Sprawl Worsens Drought

Sprawl Worsens Drought

New report reaches troubling conclusions.

As new homes and other development gobble up more and more land, a new study shows a direct link between land use and quality and quantity of water supply.

According to a recent report by three environmental, nonprofit organizations, suburban sprawl is shaking up the way water moves from rain clouds to rivers and streams in ways that have yet to be fully explained.

The three groups — American Rivers, the Natural Resources Defense Council and Smart Growth America — found that sprawl exacerbates drought, erodes streams and hurts water quality.

The results stunned the researchers, according to Betsy Otto, the senior director for watershed programs for American Rivers and a co-author of the report.

"There's something very big going on," she said.

The study provides reinforcement for many Montgomery County landuse policies, including the designation of Potomac as a low-density buffer for the Potomac River, the preservation of open space in the agricultural preserve through Legacy Open Space.

“We may not be able to do too much about the weather in the short-term, but by using our land resources more wisely, we can protect our water supplies for the long term,” said Neil Fitzpatrick, a Potomac resident and executive director of the Audubon Naturalist Society in Chevy Chase.

“By applying smart growth principles, we can not only protect our critical water resources, but also create better places for people to live.”

When rain or snow falls in an undeveloped area, water percolates into the ground, while some of it runs off into streams and rivers. The water that seeps into the ground, known as the ground water, replenishes underground aquifers over a period that can be as short as less than one day, or as long as over a million years, depending on the type of soil. Those underground aquifers will eventually empty into streams and rivers, which constitute surface water.

Streams and rivers get about half their water flow from groundwater, so failing to replenish groundwater supplies results in failing wells and reduced water supply in rivers as well.

The Metropolitan Council of Governments (COG) monitors ground water levels around the region, and as of the end of August, 2002, 12 of the 18 groundwater observation wells in the COG region were below normal, including three of the four observation points in Montgomery County.

When land is blanketed with roads, parking lots and shopping plazas, rain and snow are immediately drained to streams, cutting off the underground aquifers from their main water source, Otto said. This means that there is less water for plants to suck up through their roots. It also interferes with the complex water cycle, according to Otto.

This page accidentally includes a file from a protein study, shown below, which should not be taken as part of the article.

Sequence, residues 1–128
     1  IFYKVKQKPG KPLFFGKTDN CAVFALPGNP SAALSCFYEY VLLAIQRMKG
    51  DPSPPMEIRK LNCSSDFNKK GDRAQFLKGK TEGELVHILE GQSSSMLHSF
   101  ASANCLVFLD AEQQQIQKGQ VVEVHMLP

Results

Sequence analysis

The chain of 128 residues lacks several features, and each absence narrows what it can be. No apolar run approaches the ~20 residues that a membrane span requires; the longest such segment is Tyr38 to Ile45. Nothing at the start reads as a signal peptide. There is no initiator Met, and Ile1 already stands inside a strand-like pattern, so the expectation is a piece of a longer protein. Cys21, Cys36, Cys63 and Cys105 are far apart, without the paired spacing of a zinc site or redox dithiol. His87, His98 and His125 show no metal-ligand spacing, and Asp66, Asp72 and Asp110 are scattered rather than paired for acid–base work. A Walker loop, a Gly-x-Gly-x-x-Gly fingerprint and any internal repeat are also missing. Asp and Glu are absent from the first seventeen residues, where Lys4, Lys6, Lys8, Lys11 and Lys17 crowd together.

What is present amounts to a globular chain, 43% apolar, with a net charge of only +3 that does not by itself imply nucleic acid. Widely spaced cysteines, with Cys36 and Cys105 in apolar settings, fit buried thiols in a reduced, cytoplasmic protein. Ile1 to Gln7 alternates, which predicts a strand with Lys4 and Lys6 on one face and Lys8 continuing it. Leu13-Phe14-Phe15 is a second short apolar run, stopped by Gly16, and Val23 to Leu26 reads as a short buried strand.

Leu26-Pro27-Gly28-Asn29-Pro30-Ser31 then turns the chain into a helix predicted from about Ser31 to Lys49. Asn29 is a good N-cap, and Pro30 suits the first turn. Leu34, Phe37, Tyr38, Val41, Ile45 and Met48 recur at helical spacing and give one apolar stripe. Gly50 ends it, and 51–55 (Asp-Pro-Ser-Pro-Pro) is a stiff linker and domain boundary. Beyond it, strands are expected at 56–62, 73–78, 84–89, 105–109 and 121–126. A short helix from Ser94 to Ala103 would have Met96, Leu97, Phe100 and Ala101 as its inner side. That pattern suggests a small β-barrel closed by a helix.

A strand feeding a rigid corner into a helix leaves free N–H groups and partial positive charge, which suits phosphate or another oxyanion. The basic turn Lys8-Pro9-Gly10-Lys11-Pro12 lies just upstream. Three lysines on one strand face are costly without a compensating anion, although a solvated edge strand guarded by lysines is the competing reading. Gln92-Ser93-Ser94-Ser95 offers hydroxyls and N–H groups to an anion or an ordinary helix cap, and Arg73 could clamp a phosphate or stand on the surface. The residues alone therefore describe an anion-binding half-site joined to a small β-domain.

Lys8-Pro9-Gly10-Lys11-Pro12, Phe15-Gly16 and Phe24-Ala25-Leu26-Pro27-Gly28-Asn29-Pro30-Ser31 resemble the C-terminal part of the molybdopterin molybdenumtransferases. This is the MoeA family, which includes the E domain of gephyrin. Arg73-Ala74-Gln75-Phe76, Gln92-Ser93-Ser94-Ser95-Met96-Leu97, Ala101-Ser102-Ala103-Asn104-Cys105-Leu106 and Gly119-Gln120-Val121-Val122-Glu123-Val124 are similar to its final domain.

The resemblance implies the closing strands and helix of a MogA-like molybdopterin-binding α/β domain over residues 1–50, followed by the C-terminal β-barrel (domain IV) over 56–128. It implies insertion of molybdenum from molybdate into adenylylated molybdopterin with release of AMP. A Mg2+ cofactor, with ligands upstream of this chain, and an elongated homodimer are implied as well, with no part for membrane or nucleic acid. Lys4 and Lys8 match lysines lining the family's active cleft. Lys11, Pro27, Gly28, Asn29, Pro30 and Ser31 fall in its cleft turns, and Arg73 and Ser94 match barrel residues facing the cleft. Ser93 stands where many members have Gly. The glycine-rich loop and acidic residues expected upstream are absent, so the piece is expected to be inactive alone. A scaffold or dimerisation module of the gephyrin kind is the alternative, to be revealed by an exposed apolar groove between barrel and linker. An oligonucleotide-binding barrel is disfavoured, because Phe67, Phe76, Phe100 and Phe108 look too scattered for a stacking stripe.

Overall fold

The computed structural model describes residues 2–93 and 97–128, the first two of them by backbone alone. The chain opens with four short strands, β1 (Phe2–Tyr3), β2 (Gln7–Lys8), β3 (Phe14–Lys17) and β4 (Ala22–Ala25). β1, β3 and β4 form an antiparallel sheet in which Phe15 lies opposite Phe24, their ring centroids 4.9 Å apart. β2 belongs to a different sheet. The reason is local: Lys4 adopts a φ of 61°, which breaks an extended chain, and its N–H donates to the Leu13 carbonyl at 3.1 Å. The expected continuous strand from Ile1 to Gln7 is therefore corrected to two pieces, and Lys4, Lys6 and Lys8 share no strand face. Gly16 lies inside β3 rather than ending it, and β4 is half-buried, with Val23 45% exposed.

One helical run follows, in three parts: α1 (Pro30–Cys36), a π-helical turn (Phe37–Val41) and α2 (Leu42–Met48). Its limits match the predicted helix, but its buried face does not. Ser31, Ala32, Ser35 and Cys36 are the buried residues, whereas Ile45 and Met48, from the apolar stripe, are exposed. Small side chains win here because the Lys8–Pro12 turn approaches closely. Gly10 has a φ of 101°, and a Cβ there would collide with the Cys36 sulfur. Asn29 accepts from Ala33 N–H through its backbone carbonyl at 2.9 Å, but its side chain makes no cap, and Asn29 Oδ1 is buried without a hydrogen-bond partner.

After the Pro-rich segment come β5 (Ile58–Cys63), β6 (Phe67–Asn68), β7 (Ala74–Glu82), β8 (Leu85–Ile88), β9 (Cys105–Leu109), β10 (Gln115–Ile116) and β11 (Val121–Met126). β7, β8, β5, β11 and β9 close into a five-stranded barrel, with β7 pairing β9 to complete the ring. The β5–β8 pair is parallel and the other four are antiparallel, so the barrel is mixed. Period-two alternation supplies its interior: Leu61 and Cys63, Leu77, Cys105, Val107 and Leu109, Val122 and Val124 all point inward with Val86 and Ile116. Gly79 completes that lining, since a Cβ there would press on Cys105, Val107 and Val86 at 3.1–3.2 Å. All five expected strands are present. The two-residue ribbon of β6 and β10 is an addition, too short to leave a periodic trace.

"We're changing the timing of when the water comes into the stream. And how [it enters the stream]," she said.

"If you pave over a site, water is not going to go into the ground, it's going to run off," said Noel Kaplan of the Department of Planning and Zoning's Planning Division in Fairfax County, Va. "The water is going to run off into the surface water system."

The water also picks up pollutants as it runs over roads and parking lots. When it is allowed to percolate into the ground, the soil acts like a filter, blocking the pollutants and sending relatively clean water to replenish the underground water tables. When the water is siphoned off straight to the surface water, those pollutants are dumped into the stream.

"It's sort of like a pump of pollutants that goes into our water bodies," said Otto.

Water that runs off a parking lot can also be up to 15 degrees warmer than water that seeps through the ground. Aquatic life forms are affected. Algae bloom in streams, which can choke fish.

Otto mentioned smart growth development and better storm-water management as possible solutions. The idea, she said, is to treat storm water as a resource rather than as a waste product.

"The ideal storm-water management approach is designed to infiltrate and to also provide habitat for birds and insects and wildlife," she said.

How Much Is Enough?

How much water needs to flow in the Potomac River to maintain a healthy environment for fish and wildlife that depend on it?

Until recently, state and county agencies worked with the assumption that 100 million gallons a day was the magic number, but that number was not based on any scientific research. Now the Maryland Department of Natural Resources has embarked on a study, assisted by the Department of Environmental Protection in Montgomery County, to determine what amount of water is really needed.

In recent months, water has been released from upstream reservoirs just to maintain the 100 million gallon level.

“Absent careful water-use planning, the ecosystem functions of the Potomac River could be seriously impaired in the coming decades,” wrote Ronald Lambertson of the U.S. Fish and Wildlife Service in 1999, seeking to bring some science to minimum water flows. “The service does not agree that 100 million gallons per day minimum flow-by is adequate to protect the Potomac River ecosystem.”

The ongoing studies will determine how much water is needed both to provide adequate drinking water and protecting the natural and biological resources of the Potomac River, said Keith Van Ness, biologist with the county Department of Environmental Protection. Van Ness and other county water monitors will provide some of the labor for the state evaluation.

“This gives us an opportunity to collect data and understand the impacts of low flow habitat, and to understand what impacts those low conditions have on aquatic abundance and diversity,” said Neil Fitzpatrick of the Audubon Naturalist Society. “In our view, we need better, more recent, more scientific data to understand the impact on the ecosystem of the river under low flow conditions.”

—Ken Moore